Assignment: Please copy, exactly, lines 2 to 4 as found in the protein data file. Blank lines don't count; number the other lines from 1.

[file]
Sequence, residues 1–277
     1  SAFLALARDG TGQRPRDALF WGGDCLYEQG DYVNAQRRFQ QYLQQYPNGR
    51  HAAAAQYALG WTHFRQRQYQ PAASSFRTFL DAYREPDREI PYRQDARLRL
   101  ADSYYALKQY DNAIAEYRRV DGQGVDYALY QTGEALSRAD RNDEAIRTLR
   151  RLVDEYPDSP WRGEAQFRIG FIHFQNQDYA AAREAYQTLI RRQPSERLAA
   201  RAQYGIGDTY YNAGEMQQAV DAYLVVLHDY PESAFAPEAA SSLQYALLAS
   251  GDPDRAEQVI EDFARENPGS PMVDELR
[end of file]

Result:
     1  SAFLALARDG TGQRPRDALF WGGDCLYEQG DYVNAQRRFQ QYLQQYPNGR
    51  HAAAAQYALG WTHFRQRQYQ PAASSFRTFL DAYREPDREI PYRQDARLRL
   101  ADSYYALKQY DNAIAEYRRV DGQGVDYALY QTGEALSRAD RNDEAIRTLR